Stories

An urban choice, but rural need

Clinical placements put distance and culture into perspective for MRU midwife

Luisa Franco

The demand for midwives in rural areas continues to grow due to the reality of our population distribution, which has influenced a centralized health-care system in the province — at times straining services like emergency response.

~Photo courtesy Luisa Franco

Luisa Franco had never before truly appreciated the concept of distance, nor had she ever felt the isolation that came with living in remote rural Alberta.

Having spent her youth in Bogota, Colombia ― a city with double the population of the province of Alberta ― finding herself in the tiny town of High Level, Alta., which has roughly 3,100 residents and is located about 733 kilometres north of Edmonton and 725 kilometres south of Yellowknife, N.W.T., was an unusual experience.

As part of her Bachelor of Midwifery (BMid) program, a rural clinical placement landed Franco in the basement of a Mennonite family who, by choice, did not have television or Internet. In addition to the physical distance from home, she struggled with isolation. She was only able to stay in touch with her partner and complete her coursework during two-hour intervals at the local Tim Horton’s, or at the hospital, where she could access Wi-Fi.

In remote areas like High Level, or neighbouring La Crete, rejecting many modern luxuries, having many children (sometimes upwards of 10) and two to three (and sometimes four to eight) hour-long nail-biting drives to the hospital are just the reality of those who choose to reside in these rural areas. Different cultures and worldviews were nothing new to Franco, being an immigrant to Canada, but never before had the vast remoteness of northern Canada been so real.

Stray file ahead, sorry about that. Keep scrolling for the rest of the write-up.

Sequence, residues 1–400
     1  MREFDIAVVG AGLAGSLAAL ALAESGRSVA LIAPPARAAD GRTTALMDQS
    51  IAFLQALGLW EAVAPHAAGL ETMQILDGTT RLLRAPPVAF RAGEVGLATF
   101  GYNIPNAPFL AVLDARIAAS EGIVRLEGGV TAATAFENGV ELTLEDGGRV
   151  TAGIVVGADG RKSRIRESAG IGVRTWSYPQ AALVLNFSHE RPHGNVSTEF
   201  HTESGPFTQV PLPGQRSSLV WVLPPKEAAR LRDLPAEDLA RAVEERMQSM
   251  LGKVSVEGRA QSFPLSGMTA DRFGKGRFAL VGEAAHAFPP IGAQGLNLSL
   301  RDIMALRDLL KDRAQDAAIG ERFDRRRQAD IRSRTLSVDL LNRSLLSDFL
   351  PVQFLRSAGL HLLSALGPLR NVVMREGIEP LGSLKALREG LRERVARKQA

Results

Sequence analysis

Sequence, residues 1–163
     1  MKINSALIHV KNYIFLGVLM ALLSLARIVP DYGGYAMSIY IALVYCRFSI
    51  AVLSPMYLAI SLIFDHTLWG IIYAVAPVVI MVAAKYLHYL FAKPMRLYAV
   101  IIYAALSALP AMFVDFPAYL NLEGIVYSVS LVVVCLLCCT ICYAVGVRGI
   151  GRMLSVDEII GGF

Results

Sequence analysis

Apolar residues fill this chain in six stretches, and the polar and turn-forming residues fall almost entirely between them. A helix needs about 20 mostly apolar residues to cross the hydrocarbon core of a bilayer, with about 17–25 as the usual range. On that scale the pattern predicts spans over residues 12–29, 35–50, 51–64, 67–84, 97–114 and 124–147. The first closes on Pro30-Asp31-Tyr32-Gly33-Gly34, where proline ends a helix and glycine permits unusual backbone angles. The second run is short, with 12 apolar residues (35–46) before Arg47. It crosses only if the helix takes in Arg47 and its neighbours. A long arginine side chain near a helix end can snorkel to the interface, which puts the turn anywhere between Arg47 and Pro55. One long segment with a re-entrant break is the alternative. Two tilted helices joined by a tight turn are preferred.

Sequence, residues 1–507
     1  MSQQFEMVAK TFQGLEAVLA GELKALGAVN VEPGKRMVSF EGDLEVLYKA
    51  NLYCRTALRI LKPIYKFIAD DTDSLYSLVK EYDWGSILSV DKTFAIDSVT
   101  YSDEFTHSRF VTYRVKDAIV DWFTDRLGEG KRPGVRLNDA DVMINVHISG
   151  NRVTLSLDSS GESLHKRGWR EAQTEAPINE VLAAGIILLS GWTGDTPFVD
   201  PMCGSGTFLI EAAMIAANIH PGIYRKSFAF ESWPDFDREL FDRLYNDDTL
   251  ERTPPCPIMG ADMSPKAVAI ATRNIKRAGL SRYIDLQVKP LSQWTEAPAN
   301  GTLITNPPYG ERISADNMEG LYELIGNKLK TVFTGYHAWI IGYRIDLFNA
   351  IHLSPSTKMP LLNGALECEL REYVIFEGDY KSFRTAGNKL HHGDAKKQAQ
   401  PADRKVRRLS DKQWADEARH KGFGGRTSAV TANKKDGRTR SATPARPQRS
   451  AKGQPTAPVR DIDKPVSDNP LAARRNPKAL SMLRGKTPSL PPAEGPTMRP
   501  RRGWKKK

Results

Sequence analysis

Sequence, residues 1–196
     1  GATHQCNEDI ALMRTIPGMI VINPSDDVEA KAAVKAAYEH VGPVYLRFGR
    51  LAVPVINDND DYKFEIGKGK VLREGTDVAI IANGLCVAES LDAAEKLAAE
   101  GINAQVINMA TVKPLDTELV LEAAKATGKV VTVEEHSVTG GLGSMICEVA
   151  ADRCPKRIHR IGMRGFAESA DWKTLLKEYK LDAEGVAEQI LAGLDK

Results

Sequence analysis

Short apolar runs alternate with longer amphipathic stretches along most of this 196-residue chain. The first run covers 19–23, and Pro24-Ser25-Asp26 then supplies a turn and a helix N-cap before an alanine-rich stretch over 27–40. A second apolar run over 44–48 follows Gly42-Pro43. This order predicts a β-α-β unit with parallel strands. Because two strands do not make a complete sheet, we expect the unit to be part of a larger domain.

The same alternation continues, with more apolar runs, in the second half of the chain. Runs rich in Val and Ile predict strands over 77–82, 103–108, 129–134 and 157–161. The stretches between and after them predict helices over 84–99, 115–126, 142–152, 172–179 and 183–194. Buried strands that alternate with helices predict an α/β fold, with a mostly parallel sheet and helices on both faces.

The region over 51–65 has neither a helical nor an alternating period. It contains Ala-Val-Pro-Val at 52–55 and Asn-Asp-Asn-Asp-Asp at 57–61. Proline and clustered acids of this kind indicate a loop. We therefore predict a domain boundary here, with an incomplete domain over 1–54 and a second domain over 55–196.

“In Northern Alberta there are around 20 babies born each year on the side of the road with people from rural areas just trying to reach hospitals in time to give birth,” says Franco. “I once met a man from La Crete who had made a bed and stocked blankets and other things in the back of his truck, just in case he and his wife didn’t make it to the hospital in time.

“Another woman who had lots of babies told us she felt she was fully-dilated and ready to push when she was still 15 minutes away from the hospital. So, they obviously don’t plan for it, but they definitely try to prepare.”

The rise of the midwife in Alberta

Alberta has publicly funded midwifery care since 2009. Since then, there has been a 229 per cent increase in the number of midwives practising in the province. Midwives serve individuals with low-risk pregnancies through a “course of care” that starts during pregnancy and continues after birth.

Many rural areas face similar challenges, such as lack of contemporary health-care resources, however each present their own particularities as well. In High Level, many clients have strong religious beliefs and may decline usual pregnancy tests like ultrasounds. In a previous placement in Fort Qu’appelle, Sask. working closely with Indigenous populations, cultural competence was key to the relationships needed between soon-to-be-mom and midwife.

“One of the main principles of midwifery is choice, and whether it is personal, religious or cultural reasoning for their choices, it’s our job to respect them, and not repeat the mistakes of colonialism — imparting things on people,” says Franco. “And it can be challenging to adapt classroom learning to practice — because nothing is black and white.

“You need to see the world through a kaleidoscope of worldviews and never assume anything of any individual when it comes to birth.”